Mark Twain once wrote: “A banker is a fellow who lends you his umbrella when the sun is shining and wants it back when it starts to rain.” If utility finance executives aren’t careful, they might...
The capital markets have recovered … or have they?
Industrial Index. That said, they also haven’t recovered as well. Within that, the stocks that were most hurt during the contagion were those that had more sensitivity to commodity prices—companies with large wholesale generation fleets. They underperformed the other utilities on the downswing and have outperformed them on the upswing.
Yield is an important component of investor perceptions of utility valuations. Utilities are regarded as income stocks. Some believe utility stocks are poised to outperform as their dividend yields are higher than the sector’s bond yields, and price-earnings ratios are compelling vs. the overall market.
On the other hand, many investors are skeptical about growth with significant declines in industrial demand.
In terms of new issuance, we’ve seen the return of utility common stock dribble programs, where utilities issue stock continuously to reduce market-access risk and manage price volatility. More traditional issuance activity is being driven from rate-base growth, environmental cap-ex and transmission spending.
Fortnightly: How have merchant power and midstream gas companies weathered the financial crisis? How do the capital markets look for them?
Bilicic: Unlike in 2002 and 2003, the non-regulated components of the energy industry have been relatively stable as compared to other parts of the economy. We haven’t seen the sorts of restructuring activity levels that we have seen elsewhere. Companies in this area have solid capital markets access at the moment, but should be mindful of the volatility of that access.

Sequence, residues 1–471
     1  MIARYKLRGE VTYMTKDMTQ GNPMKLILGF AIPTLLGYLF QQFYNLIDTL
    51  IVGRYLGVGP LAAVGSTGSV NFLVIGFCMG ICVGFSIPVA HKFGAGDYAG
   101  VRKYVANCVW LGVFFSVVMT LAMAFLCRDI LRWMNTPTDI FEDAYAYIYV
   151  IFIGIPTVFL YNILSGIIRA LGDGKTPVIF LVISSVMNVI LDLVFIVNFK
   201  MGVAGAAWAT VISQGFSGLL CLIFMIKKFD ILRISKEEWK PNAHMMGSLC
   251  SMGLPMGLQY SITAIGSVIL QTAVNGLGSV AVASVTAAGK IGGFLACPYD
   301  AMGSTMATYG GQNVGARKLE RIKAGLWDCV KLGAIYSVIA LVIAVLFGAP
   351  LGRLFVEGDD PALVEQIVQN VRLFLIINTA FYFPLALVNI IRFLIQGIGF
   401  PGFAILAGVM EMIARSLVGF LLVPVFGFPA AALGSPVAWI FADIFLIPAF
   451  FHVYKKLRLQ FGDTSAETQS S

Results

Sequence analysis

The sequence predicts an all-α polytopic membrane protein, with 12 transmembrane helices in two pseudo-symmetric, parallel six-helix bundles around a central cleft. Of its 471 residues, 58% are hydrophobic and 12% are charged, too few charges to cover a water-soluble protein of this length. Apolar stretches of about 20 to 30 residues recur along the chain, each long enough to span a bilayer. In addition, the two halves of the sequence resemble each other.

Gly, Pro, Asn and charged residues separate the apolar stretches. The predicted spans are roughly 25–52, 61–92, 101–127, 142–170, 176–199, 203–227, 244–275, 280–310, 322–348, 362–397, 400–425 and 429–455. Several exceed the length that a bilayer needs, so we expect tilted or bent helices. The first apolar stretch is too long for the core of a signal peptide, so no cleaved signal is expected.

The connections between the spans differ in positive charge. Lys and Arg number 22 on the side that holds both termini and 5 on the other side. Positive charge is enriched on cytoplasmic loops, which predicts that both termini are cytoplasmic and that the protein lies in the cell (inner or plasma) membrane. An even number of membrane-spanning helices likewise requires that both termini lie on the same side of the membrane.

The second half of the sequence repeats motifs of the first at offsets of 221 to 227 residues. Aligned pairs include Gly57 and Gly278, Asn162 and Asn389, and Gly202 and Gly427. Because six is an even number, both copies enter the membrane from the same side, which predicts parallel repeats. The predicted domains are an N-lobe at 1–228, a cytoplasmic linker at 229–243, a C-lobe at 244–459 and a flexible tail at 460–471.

Nastro: Our industry has been able to finance throughout the cycle. High-yield rates reached their all-time high in December 2008, and since then spreads have tightened dramatically. Both Calpine and NRG have been able to issue high-yield debt at coupon rates better than 9 percent, which speaks to the way the utility space is perceived and differentiated within the high-yield investor universe.
In terms of leveraged loans and loan maturities, if you look out through 2011, not a lot of refinancing needs to be done. But a wave of debt maturities begins in 2012, as financial sponsors begin to refinance debt from recent leveraged buyouts. For example, Energy Future Holdings, the former TXU, faces material maturities beginning in 2013 and 2014.
At this point, the leveraged loan market is still in disarray and may be for some time to come, because the primary buyers—the CLO investors and hedge funds—have seen significant investor redemptions, and that will result in continued market contraction.
Fortnightly: What’s the outlook for mergers and acquisitions? If the financial storm is passing, will consolidation resume?
Bilicic: We see all the fundamentals coming into place where there would be robust consolidation, except that, given the way this industry is regulated, it’s difficult for companies to pursue consolidation. In particular, the intense rate-case cycle that many companies are in right now will slow the emergence of any consolidation trend. On average, we should see between three and five notable transactions a year. M&A activity was dormant last fall and winter, because, among other things, it was difficult to know what relevant parties were worth in the environment. But now with